When I started my Resilient Mind Works Counseling practice, my goal is to eradicate the stigma on mental health, especially in the medical field and Emergency medicine (the field I was in before becoming a psychotherapist). My purpose is to make counseling cool and therapy the new black!

My vision was to bring people together and support each other by recognizing the similar joys and challenges of their professions.

I also envision DivaGirl as a safe and positive space for women to come together, connect with each other so they can support one another in life and in business. I wanted a community that is diverse in age, ethnicity and work fields. A tribe of women that is inclusive, kind and inspiring.

Thank you for all that. Let’s now turn to the main focus of our discussion. Can you share with our readers a story from your own experience about how you lead your team during uncertain or difficult times?

During uncertain times, I like to focus on the present moment or the here and now. I do my best to remind myself that I cannot control most events (like a pandemic); I cannot control people; but I can control myself. The difference between a good leader and a not so good leader is their ability to solve problems instead of complaining or criticizing their team.

When the pandemic started, I had to pivot my live events for DivaGirl into online events and we were able to reach other women all over the world, including the women we met in Canada, Belize, Peru, Nepal and Ghana and women in the Philippines and Qatar.

Also, I was able to do more seminars to educators, volunteers and social workers about compassion fatigue, burnout and vicarious trauma which is what most of these professionals are experiencing during this pandemic, social injustice and civil unrest and winter blues.

This pandemic also gave me the opportunity to continue my work with medical professionals and first responders who are exposed to covid-19 by doing online counseling with them and even provide support groups.

Did you ever consider giving up? Where did you get the motivation to continue through your challenges? What sustains your drive?

I don’t think I ever thought about giving up. I sure had times of zoom burnout but I also have a strict self care regimen to prevent myself from compassion fatigue, burnout and vicarious trauma which I had experienced in the past when I was a paramedic.

I am here right in front of you as a mental health therapist now because I know how PTSD, anxiety and depression feel like.

I was a paramedic for 13 years and have seen people got hurt, heard stories that were horrible, seen dead bodies, gunshot wounds, overdoses, and witnessed poverty, experienced assault, and struggles with alcoholism and suicidal thoughts.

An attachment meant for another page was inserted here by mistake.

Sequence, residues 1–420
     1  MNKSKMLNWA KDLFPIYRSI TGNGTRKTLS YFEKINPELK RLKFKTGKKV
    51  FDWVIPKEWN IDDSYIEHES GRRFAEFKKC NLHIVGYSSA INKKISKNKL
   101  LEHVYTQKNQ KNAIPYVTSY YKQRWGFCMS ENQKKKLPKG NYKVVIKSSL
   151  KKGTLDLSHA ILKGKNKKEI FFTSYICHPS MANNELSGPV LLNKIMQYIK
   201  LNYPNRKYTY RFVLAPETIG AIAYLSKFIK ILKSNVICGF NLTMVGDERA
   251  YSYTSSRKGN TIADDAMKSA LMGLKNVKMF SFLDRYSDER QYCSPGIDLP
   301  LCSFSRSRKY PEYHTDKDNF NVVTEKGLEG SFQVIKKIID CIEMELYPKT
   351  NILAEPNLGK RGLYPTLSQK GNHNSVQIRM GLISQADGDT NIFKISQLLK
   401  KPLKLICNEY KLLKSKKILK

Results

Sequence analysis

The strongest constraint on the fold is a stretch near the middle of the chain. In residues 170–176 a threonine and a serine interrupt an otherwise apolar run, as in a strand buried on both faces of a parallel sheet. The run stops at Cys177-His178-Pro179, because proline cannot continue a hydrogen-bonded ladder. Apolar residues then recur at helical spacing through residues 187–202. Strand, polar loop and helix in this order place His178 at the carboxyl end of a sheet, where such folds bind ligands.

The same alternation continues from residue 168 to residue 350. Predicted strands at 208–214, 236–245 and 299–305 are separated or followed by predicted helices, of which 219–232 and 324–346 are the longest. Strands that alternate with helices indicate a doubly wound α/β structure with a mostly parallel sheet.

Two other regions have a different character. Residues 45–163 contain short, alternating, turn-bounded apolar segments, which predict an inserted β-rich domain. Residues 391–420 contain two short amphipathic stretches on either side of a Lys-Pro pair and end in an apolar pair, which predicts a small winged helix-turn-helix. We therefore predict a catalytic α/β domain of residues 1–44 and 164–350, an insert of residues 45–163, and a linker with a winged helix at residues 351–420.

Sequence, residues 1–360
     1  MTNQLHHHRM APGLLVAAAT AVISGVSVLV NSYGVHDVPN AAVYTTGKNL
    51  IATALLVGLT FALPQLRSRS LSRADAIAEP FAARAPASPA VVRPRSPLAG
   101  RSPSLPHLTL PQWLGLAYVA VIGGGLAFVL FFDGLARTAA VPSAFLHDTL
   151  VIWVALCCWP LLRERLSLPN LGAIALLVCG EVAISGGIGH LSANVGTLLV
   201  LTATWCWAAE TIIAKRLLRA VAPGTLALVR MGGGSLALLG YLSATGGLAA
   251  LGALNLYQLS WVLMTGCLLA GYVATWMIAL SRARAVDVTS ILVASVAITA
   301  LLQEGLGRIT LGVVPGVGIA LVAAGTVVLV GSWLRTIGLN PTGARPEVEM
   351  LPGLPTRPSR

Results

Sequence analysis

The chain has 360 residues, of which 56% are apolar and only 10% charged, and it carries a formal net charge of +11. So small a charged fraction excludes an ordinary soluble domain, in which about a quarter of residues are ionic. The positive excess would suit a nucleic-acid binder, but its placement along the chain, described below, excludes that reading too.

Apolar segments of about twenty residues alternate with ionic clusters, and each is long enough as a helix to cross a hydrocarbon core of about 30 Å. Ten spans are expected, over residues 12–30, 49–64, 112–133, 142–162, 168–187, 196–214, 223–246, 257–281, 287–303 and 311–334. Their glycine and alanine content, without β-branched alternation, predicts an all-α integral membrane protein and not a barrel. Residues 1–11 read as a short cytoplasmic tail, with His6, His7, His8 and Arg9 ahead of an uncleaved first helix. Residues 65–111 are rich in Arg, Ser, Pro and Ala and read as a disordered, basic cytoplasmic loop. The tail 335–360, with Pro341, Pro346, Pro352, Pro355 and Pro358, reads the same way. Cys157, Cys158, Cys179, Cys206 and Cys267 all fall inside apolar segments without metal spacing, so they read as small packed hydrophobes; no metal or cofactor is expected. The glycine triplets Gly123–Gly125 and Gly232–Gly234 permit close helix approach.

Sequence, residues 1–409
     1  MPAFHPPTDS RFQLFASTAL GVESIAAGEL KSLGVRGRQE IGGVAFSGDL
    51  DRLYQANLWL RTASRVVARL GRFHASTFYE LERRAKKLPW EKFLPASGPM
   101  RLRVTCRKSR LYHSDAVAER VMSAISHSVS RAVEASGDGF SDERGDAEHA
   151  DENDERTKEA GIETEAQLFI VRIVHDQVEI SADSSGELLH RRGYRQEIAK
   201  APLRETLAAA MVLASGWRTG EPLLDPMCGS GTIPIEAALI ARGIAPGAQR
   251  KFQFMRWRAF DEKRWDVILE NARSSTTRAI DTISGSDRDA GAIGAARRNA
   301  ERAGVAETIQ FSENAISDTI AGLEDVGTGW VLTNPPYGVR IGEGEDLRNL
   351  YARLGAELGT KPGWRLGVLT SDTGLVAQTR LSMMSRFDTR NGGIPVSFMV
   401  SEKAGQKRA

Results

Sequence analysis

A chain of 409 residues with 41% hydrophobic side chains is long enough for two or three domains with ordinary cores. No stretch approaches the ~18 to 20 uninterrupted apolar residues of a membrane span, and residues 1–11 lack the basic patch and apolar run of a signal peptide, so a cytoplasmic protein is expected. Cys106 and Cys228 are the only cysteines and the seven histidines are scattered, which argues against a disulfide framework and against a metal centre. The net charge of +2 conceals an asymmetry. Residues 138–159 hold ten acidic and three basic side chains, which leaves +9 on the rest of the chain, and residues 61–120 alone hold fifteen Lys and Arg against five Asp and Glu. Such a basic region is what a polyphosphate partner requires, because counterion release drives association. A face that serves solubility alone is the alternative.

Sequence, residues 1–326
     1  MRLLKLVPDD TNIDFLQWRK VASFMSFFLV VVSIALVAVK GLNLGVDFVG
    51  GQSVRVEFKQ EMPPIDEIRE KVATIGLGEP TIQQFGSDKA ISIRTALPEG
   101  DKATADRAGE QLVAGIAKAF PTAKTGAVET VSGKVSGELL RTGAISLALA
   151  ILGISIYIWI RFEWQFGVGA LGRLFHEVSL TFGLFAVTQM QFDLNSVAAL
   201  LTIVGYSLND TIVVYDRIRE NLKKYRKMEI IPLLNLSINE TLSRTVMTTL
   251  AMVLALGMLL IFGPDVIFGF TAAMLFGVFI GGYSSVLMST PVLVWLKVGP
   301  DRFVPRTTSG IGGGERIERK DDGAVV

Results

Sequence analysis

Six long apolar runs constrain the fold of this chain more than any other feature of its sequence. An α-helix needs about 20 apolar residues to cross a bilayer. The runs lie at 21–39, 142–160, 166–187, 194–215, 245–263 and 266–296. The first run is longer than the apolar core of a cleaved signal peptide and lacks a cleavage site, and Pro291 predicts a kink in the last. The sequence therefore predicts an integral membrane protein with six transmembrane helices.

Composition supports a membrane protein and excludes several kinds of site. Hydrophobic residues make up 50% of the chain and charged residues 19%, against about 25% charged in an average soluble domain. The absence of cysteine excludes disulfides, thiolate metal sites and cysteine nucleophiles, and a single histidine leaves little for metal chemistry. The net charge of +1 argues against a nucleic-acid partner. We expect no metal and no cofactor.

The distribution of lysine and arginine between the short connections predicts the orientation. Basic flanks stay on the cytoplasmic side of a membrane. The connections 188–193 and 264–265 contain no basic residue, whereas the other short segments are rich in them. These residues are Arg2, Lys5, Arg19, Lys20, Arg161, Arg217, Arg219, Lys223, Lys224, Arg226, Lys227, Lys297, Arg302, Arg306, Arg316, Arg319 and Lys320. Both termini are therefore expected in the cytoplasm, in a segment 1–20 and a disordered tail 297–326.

It took me 10 years and a semester in grad school until I seek professional help and processed my unresolved traumas, compassion fatigue and burnout.

I wanted to continued helping people and continue loving what I do now as a therapist therefore I learned how to take care of myself. Therefore, my strict self-care regimen helps me get through the toughest time and stay mindful of my reactions to events, people and failures or mistakes.

As a trauma therapist now, believe me when I tell you that I heard more horrible stories than what I had witnessed working as a medic and volunteering in third world countries.

But in the 4.5 years of me working as a therapist, I still love every second of it and I feel fulfilled being able to sit with a client and them trusting me to tell their stories. Their traumatic stories that made them the resilient person that they are and together get to their post traumatic growth.

What would you say is the most critical role of a leader during challenging times?

The most critical role of a leader is to have people like each other so they can trust one another (especially during this trying time).

***Criticism has not room in leadership. Validation builds trust and productive communication. ***

When the future seems so uncertain, what is the best way to boost morale? What can a leader do to inspire, motivate and engage their team?

  • Empathy builds trust and connection in a team. A leader needs to be able to “be in” someone’s pain and have compassion instead of judging, blaming or shaming another person.
  • A great leader is self-aware and recognizes their ego, acknowledge it and mindfully change it. A great leader can assess a threat, a complaint, someone asking for help or a new idea from a team member.
  • A great leader can read a room. A highly emotional intelligent leader is not afraid to of the F word — FEELINGS (not that F word). A great leader can feel your pain and wants to make it bearable.

What is the best way to communicate difficult news to one’s team and customers?

We make mistakes and bad news do come but when we are communicating to a team member or customer about something that is difficult we need to remember the POSITIVE SANDWICH.